An all time average of 117% and a today’s rate of 88% for large fleets perhaps provide one money trail found.  The Intermodel Insurance Company reports  that Noel Perry, managing director at consultant FTR Associates, Nashville, Ind., whose latest driver supply report gauged the shortage at 125,000 in the third quarter said, “We are almost certainly going to see an increase (in driver shortage).”

Furthermore, in the same article, USA Truck noted the scarcity of drivers.  They reported a “$4.3 million loss; said 10% of its fleet of more than 2,200 trucks don’t have drivers.”  Other carriers that have driver-related issues are Heartland Express and Knight Transportation among others.

Driver retention is a large factor at any company as shown, as is a ‘driver shortage’ is at larger carriers, though driver shortage may be another way of saying driver retention in this case.  It is a well-known fact that many entry-level drivers, who have little choice outside of the large carrier training companies, leave after their initial year.  They tire of the micromanagement, the governed slower speeds found at the larger carriers, the impersonality of communication and the lack of adequate hometime.

This fact is supported by Tim Brady’s article at Trucker.com.  Brady states, “Driver turnover usually occurs within the first year of employment.  A company may have an overall turnover rate of 60%, but the ‘newbie flight’ (those first-year hires) can far exceed that—as much as 180% to 240% plus.  We’ll define this as driver “churning,” i.e., drivers leaving one carrier and being hired by another.  As with most problems, the cause is fairly easy to find; believe it or not, it’s not just about the money.  Although several factors contribute to driver churning, its root cause is a lack of communication from the very beginning.  It’s making sure both trucker and carrier understand each other’s needs and wants, and how this is going to be accomplished within the business relationship.”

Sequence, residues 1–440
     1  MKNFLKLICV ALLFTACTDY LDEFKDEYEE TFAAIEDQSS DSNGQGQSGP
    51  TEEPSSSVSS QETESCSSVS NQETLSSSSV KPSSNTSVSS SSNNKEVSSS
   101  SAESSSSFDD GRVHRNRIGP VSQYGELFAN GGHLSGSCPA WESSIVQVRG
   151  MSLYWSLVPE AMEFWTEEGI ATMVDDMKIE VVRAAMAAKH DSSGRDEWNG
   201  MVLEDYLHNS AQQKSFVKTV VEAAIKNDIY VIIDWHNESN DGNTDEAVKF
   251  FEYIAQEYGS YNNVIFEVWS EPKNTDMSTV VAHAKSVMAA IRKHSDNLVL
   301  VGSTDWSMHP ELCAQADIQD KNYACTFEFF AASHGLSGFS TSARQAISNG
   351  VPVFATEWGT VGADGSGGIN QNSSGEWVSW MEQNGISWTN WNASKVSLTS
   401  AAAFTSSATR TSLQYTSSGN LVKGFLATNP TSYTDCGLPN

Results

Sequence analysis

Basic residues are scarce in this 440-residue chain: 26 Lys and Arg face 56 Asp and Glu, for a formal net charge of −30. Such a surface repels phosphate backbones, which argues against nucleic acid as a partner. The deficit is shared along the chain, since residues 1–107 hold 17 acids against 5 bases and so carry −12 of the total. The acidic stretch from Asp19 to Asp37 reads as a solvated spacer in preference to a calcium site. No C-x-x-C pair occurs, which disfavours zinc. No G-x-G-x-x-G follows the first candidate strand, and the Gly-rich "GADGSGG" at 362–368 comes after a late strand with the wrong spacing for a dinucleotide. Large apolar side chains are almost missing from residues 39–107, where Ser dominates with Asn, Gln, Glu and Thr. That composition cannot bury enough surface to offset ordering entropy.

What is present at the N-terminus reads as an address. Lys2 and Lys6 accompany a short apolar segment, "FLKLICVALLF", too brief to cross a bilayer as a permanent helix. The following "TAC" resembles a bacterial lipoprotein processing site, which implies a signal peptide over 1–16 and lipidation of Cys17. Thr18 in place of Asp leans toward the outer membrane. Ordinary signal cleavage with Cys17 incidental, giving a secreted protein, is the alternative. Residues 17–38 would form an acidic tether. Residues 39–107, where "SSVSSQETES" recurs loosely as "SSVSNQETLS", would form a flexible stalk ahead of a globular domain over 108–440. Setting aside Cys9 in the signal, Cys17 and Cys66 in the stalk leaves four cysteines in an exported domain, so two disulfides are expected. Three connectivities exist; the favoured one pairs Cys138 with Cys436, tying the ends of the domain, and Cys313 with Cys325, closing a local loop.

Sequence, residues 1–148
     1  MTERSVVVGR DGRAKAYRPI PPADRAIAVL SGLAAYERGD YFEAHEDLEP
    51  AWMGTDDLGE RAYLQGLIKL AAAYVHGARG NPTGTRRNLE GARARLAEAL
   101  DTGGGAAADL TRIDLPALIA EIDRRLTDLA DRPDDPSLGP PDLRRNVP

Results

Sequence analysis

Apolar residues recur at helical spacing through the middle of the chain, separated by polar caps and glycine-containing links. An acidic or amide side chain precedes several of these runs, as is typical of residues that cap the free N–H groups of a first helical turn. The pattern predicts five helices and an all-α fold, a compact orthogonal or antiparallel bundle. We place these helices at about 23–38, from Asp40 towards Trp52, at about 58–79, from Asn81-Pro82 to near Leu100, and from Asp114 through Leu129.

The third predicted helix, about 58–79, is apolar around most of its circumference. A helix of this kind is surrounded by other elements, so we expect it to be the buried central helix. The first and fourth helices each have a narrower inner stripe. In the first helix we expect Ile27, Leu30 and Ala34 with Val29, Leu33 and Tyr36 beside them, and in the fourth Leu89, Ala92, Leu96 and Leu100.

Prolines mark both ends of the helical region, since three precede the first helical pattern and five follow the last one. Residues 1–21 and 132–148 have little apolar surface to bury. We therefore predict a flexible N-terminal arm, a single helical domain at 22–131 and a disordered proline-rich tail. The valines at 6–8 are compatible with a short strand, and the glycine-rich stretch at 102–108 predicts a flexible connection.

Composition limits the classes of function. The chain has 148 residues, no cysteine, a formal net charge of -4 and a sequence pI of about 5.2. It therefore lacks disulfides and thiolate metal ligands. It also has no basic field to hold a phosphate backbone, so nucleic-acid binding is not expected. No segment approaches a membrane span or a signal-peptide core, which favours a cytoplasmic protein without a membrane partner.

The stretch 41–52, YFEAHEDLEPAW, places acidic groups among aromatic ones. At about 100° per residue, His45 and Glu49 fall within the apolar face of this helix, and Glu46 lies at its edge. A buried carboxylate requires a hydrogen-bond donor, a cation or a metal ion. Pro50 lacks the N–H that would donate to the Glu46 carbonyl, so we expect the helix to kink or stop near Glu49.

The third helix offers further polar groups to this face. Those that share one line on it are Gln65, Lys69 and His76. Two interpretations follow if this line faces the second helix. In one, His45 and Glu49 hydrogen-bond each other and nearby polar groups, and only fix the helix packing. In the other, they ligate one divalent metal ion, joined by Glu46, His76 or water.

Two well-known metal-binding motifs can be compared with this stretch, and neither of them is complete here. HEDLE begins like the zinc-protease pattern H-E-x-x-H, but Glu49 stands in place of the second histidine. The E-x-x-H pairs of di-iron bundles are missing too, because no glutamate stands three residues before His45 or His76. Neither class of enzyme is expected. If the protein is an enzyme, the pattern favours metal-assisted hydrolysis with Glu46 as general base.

If the large carriers can get EOBRs and speed limiter regulations through, they think that this will stop drivers leaving for greener pastures.  Billy Woolsey, President of Midwest Compliance Inc., states in a letter to the editor to Transport Topics about EOBRs, “But all that information carries a price because drivers are likely to favor carriers without e-logging devices.  That creates additional problems for small fleets competing for drivers in a marketplace now being reshaped by the government’s new Compliance, Safety, Accountability safety-management program(CSA)… it is glaringly obvious that this is really about politics, not safety…not to mention fueling an incorrect but widely held belief that the agency (DOT) wants to put smaller carriers out of business.”

Marge Bailey, founder of DriverFinder.net states, “Depending on what resources a company engages to advertise, i.e.; the size of their budget, what their orientation costs are and cost to get a driver to orientation, a new ‘experienced’ hire can range from $3500.00 to over $5,000.00 each.”

Add in the costs of schooling for entry-level drivers that the company may pay for or reimburse plus additional costs of the training time after school, and you end up with a seriously significant amount of money that replacing drivers costs a carrier.  While creating a level playing field using EOBRs or speed limiters due to HOS compliance or safety does not make a lot of sense, creating a level playing field to retain drivers does, at least to the larger carriers who support it.  CSA takes care of both HOS compliance and safety issues adequately; there is no need for the rest of us to suffer for the wants of large carriers to save money by retaining drivers.